By Leon Harris
Published in INsite October/November 2008
Crime Prevention Through Environmental Design (‘CPTED’ pronounced ‘Sep-Ted’), although not a new strategic approach to mitigate crime against facilities and to enhance perceptions of safety (e.g. to residents and staff), has only in recent times become a serious design objective at, and from the architectural concept stage. This could partly be because stakeholders in design and construct projects are more affected and frustrated when planning authorities refuse Development Applications because of their professional failure to properly incorporate CPTED principles.
However, when specifically looking at the aged care sector in Australia, although progress in terms of acceptance of, and commitment to CPTED is gaining traction within new designs, CPTED has still not been granted the status it requires or what facility managers, staff and residents at aged care facilities deserve.
For maximum benefit to stakeholders including investors, security design consultants should be invited as panel members to the concept or masterplanning table. If architecture, landscaping, lighting and relevant aspects of engineering can coalesce early enough with security design, then realisation of form function, safety (security) and market edge reputation is more likely. Interestingly, by applying CPTED principles in a determined manner, reliance of (security) technology is often reduced and certain sources of operational costs such as that resulting from insurance claims can be reduced.
This CPTED approach seeks to incorporate security into a project’s ‘form’ from the outset. It ensures a more measured outcome via a truly consultative process. The approach learns from the historical relationship between crime and architectural design and transforms the learning into practical and ‘passive’ crime prevention that works.
Security design is more than the traditional inclusion of barriers, bolts, surveillance systems and alarms. It is a comprehensive environmental crime prevention strategy, applying aspects of architecture, engineering and technology to all development proposals, from concept to completion. Security design has two objectives:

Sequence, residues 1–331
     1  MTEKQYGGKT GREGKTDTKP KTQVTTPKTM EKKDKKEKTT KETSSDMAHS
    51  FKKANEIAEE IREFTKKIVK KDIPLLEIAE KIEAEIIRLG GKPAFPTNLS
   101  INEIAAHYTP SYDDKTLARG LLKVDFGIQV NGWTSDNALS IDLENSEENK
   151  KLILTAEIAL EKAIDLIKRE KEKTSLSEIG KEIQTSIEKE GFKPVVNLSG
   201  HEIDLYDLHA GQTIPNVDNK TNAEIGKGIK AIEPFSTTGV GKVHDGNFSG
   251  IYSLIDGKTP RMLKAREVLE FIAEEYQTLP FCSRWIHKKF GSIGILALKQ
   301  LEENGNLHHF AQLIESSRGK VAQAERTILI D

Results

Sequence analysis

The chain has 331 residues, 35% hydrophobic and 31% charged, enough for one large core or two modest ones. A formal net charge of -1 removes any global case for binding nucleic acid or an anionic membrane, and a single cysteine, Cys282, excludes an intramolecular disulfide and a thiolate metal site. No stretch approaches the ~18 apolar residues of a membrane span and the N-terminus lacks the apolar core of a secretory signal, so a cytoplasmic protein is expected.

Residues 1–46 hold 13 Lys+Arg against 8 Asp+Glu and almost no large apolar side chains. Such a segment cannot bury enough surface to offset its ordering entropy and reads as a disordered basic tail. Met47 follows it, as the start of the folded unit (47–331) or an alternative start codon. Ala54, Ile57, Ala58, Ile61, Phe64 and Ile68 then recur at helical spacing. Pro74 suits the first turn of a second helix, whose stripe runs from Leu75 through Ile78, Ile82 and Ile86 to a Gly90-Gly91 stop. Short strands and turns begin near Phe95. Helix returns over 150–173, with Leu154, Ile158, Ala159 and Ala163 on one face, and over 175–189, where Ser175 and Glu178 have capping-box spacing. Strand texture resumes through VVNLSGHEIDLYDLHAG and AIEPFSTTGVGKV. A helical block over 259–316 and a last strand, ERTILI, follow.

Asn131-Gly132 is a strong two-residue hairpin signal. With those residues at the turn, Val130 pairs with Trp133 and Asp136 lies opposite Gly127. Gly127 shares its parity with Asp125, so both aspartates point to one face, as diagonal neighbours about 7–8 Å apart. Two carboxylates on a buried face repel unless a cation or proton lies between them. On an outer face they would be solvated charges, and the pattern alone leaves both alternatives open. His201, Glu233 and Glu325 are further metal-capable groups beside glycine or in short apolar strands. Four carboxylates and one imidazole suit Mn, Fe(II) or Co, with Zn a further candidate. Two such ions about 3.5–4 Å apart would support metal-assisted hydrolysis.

In brief, the CPTED principles are:
(a) territorial classification – defines by way of form, the purpose and (legitimate) use, e.g. by staff, residents and contractors, of the space within your property.
(b) natural (passive) surveillance – creating security sight lines through creative form, i.e. providing easy opportunity for legitimate users to observe events.
(c) territorial reinforcement – visual indicators to would-be criminals that this ‘private property’ is actively observed by the staff and residents.This aspect cleverly considers dynamic factors such as access, usage patterns and behavioural expectations.
Another Crime Prevention strategy that should be used in conjunction with CPTED is Crime Prevention Through Environmental Management (CPTEM). This involves managing the environment post construction. The principles and benefits of CPTEM will be discussed in a later article.
Although CPTED and CPTEM principles may not be considered ‘rocket science’, it does require an advanced understanding of how criminals identify prospective targets (human and property), why criminals are deterred from prospective targets and the architectural countermeasures that are effective, which are far easier and more cost-effective to apply during the architectural stages than as part of a retrofit project. CPTED expertise should be sought well before the DA is refused and the crime is committed. Besides the personal life-safety issues, there is a real possibility of failure in OHS..
Leon Harris DIP,SEC.STUDS,.CPP, is the principal consultant Harris Crime Prevention Services, a national specialist and independent security risk management consultancy established for the health and aged care sectors.
Harris Crime Prevention Services provides on an occasional basis articles by other Industry experts, such as: How Airports apply designing out crime principles